What’s Good Enough for Open Law?

2615983073_c6fd080ee8I believe that access to information is access to justice and the more information that is published, the better the access to justice is.  One of the questions that plagued me since I finished the State Legal Information Census was the fact that I didn’t know what an adequate amount of legal information published by the government was.  Obviously state governments aren’t publishing their complete corpus, but what if what they were publishing was good enough?  Maybe there’s enough information out there to serve the majority of the needs of the people?

Over the past semester, I’ve been trying to figure this question out.  One method I’ve been employing is doing an analysis of the citations from state supreme courts.  This is a work in progress, but I’m honestly not sure if I should continue because I’m not sure if the results are providing an adequate model of “needed law.”  I thought I’d write a quick blog post to share what I do have in case someone thinks it’s valuable and something worth pursuing.

Here’s what I did:  I created a list of the ten most recently written opinions from each state as of January 13, 2016.  I looked at the table of authorities for those cases, which is the list of the cases that they cite.  I am creating a list of cited cases, with data about the year of the case, what type of case it is (meaning from what type of court: SCOTUS, federal circuit, federal district, in state court or out of state court) and if the case is available from Google scholar (probably the most comprehensive and easy to use free law source) and from the publishing state, if applicable.

Thus far I’ve made it through 14 states, Alabama through Indiana.  I’ve collected a total of 3254 cited cases.  This is what I’ve found:


  • SCOTUS:  365 cases or 11.2%
  • Federal Circuit: 176 cases or 5.4%
  • Federal District 66 cases or 2%
  • In state cases: 2437 or 74.9%
  • Out of state cases: 210 or 6.5%

(This adds up to 101%, I know.  I rounded up the decimals and that’s what happened.)


  • SCOTUS: 139 (official copies) or 38% available from court website; 100% available from G.S.
  • Federal circuit: 174 or 98.9% available from google scholar
  • Federal district: 65 or 98.5% available from google scholar
  • In state cases: 1528 or 62.7% available from state websites; 2343 or 96.1% available from google scholar
  • Out of state cases: 112 or 53% available from state websites; 187 or 89% available from google scholar

As long as google scholar is around, the information gap for those who need to access law via free sites is not too bad.  But it does exist.   How long google plans to remain in the free law business is anyone’s guess.   The important bit is that this means that there are still around 5% of cited state cases that are not available from any resource.  Is that too many? I’m not sure how to gauge that.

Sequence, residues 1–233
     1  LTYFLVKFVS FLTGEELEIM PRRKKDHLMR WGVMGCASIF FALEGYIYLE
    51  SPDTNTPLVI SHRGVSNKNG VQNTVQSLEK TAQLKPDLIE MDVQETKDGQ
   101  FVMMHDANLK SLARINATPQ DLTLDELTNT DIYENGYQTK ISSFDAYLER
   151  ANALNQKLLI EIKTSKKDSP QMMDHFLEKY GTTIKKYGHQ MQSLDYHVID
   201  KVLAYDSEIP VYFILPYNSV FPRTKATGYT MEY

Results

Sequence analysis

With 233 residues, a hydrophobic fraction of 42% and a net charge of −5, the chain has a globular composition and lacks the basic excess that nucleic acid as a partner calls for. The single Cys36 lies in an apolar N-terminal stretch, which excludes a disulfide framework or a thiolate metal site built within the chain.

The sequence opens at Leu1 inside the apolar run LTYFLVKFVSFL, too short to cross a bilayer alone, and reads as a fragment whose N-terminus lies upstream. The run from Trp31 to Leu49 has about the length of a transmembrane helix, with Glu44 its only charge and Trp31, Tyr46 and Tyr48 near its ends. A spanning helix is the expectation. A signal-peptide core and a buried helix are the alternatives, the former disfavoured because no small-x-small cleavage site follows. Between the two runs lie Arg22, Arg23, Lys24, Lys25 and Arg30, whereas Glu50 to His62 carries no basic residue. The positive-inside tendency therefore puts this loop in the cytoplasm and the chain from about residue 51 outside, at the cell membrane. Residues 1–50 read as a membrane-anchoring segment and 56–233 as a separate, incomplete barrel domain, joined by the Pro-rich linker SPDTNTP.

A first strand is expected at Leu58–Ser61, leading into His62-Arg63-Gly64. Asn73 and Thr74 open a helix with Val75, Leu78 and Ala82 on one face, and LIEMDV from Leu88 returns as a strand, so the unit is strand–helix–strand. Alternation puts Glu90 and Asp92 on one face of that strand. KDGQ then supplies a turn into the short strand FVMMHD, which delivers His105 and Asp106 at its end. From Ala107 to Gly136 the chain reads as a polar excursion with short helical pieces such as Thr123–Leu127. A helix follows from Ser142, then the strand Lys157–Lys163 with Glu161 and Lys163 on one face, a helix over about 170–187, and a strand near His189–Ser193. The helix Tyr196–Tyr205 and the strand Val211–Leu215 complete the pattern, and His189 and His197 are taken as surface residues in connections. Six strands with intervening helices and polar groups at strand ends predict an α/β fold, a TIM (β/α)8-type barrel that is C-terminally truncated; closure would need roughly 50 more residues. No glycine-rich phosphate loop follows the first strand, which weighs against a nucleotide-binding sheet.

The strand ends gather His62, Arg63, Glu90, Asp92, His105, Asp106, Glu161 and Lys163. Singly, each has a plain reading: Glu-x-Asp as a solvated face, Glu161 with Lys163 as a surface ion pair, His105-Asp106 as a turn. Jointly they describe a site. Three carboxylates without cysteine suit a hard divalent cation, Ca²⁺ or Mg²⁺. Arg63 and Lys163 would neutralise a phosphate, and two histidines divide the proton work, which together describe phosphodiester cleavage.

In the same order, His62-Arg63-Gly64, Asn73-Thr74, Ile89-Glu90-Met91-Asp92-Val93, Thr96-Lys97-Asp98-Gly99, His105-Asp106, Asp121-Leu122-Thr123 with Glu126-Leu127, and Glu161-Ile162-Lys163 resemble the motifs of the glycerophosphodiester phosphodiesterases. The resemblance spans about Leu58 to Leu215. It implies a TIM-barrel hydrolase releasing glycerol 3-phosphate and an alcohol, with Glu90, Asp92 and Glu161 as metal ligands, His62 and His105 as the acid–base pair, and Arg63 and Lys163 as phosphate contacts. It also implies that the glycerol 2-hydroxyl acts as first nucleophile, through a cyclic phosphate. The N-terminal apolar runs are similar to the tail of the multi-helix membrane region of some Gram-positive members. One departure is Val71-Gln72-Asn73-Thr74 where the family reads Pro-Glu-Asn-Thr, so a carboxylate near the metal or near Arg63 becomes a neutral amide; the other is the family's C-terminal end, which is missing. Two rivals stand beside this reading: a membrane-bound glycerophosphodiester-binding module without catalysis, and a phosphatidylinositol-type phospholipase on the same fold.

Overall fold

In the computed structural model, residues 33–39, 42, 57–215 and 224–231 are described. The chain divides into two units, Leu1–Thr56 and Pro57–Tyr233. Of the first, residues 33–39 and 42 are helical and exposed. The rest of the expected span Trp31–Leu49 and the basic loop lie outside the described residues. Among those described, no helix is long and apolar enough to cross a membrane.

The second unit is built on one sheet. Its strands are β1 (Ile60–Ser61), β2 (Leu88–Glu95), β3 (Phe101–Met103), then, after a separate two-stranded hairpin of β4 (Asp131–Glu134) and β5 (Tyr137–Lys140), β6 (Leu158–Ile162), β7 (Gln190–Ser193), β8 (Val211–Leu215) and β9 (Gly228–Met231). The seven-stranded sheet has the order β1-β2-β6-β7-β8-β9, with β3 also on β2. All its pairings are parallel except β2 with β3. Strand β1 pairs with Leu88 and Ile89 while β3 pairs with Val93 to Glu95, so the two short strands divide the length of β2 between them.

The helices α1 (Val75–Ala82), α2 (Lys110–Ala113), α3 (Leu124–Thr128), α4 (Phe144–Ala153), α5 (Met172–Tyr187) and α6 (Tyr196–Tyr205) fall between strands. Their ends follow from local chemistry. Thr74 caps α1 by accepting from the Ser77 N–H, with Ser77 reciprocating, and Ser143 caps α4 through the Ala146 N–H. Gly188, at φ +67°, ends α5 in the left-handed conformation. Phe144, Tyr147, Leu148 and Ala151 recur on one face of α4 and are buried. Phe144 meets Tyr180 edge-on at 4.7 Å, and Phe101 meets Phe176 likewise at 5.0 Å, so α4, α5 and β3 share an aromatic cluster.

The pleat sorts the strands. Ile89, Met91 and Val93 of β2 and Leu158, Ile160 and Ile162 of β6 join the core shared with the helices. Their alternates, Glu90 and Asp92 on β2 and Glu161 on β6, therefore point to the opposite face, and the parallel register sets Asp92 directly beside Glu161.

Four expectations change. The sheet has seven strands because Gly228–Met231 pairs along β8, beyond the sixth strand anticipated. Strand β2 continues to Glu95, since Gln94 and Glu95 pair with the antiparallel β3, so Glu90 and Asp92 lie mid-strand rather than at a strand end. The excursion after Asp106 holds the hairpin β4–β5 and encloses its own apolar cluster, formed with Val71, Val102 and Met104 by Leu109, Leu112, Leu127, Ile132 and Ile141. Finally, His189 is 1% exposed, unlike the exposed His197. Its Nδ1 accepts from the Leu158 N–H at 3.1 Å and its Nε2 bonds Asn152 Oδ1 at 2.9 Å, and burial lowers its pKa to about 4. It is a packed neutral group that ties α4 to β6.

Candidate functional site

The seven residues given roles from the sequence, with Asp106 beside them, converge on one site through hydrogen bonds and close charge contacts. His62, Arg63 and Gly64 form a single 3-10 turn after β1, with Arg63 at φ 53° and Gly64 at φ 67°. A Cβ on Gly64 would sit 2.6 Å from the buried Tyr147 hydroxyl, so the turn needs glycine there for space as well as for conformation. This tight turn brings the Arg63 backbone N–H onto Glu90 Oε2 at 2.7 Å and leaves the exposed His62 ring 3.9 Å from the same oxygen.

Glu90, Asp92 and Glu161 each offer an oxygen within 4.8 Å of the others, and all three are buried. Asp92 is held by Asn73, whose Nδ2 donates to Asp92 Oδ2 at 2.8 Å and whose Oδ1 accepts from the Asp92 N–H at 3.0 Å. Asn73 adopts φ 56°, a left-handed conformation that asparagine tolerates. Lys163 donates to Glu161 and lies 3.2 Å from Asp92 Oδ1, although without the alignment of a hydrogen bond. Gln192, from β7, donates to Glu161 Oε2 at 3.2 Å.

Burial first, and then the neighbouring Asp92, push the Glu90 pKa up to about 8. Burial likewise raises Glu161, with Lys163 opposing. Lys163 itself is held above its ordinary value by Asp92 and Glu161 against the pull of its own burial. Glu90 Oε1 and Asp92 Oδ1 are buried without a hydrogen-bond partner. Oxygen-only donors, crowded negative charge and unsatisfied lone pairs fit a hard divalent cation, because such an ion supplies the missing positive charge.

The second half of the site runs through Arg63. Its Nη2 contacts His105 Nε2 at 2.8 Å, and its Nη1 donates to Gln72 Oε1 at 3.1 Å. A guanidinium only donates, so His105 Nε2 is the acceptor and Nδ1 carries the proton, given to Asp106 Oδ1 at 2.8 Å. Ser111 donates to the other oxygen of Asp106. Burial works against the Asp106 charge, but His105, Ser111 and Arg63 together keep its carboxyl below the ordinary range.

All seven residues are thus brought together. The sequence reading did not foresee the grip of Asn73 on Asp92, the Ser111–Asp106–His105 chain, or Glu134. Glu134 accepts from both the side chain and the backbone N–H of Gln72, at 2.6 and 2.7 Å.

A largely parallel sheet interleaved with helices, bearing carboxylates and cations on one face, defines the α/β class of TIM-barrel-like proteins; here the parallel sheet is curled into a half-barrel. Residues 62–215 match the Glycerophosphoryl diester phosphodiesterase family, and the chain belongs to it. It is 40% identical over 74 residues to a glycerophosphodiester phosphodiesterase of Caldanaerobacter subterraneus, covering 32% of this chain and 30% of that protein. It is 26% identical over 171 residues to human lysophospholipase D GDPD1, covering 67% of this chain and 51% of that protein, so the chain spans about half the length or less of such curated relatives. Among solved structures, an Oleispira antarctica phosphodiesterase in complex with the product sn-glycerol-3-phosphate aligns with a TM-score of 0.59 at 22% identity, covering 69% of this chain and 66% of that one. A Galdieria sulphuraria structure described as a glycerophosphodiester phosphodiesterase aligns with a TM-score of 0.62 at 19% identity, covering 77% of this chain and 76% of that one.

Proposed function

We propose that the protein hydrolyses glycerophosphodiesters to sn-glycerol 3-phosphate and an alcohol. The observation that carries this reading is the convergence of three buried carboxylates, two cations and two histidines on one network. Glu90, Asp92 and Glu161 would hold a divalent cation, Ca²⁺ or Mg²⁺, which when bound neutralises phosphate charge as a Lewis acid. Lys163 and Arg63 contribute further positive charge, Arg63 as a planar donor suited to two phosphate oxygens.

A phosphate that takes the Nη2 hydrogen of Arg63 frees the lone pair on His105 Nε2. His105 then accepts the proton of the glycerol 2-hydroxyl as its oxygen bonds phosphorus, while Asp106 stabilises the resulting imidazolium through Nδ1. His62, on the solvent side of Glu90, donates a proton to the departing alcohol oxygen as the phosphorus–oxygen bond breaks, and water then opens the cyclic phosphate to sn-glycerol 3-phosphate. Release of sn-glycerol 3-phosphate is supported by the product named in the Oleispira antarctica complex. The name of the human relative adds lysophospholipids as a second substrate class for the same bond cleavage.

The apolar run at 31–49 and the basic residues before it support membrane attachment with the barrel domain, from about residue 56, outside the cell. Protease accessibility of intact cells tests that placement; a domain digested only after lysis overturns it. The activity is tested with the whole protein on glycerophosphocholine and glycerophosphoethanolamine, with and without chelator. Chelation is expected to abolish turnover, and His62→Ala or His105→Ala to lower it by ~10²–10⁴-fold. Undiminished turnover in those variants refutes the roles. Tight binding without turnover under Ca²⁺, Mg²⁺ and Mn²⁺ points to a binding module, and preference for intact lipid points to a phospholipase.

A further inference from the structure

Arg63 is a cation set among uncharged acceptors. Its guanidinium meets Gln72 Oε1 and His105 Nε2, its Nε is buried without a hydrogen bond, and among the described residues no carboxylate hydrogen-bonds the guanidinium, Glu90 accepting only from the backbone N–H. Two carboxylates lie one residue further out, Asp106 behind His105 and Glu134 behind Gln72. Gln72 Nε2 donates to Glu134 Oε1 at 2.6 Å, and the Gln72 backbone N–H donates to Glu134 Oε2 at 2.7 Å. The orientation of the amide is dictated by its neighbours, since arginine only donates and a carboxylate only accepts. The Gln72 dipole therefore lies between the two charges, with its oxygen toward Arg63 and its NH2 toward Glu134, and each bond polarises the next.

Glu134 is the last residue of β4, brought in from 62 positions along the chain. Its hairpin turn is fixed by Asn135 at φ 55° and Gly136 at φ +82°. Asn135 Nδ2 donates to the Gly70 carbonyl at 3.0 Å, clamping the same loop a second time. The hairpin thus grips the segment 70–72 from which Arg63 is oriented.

I will go out on a limb and say that I think it’s shameful that only 38% of the SCOTUS cases cited in state courts are available in an official copy from the supreme court website.  And, by the way, their efforts could be a lot better in how they present the information.  Currently you have to download an PDF of entire volumes instead of going case by case.  Do better, SCOTUS.


  • SCOTUS: 1793-2015 ; 1984 Median ; 1979 Average
  • Federal Circuit: 1923 – 2015 ; 2004 Median ; 1999 Average
  • Federal District: 1973 – 2015 ; 2008 Median ; 2003 Average
  • In State: 1837 – 2015 ; 2004 Median ; 1997 Average
  • Out of State 1870 – 2015 ; 1997 Median ; 1988 Average

Although my research is primarily on state legal information, I couldn’t help but be struck by the SCOTUS cases again.  They’re much older than what I was expecting. Fortunately, there are many reliable resources for SCOTUS case law, so if someone wanted to read a cited opinion, they easily could.  But again, I wonder that if the Supreme Court of the United States isn’t putting all of its case law online, how can we expect states to want to do so?

So that’s what I have thus far.  Again, I’m not sure if I’m going to complete this survey ever, since it’s very time consuming and I’m not sure the results are worth anything.  But I thought I’d share.


Photo Credit: AUSTIN_O via Compfight cc


  1 comment for “What’s Good Enough for Open Law?

  1. April 22, 2016 at 3:14 pm

    This is valuable, if only to hammer home how important Google Scholar has become. Google spends a small fortune on the service (probably for them, very small) with minimal to no benefit (they don’t run ads on Google Scholar).

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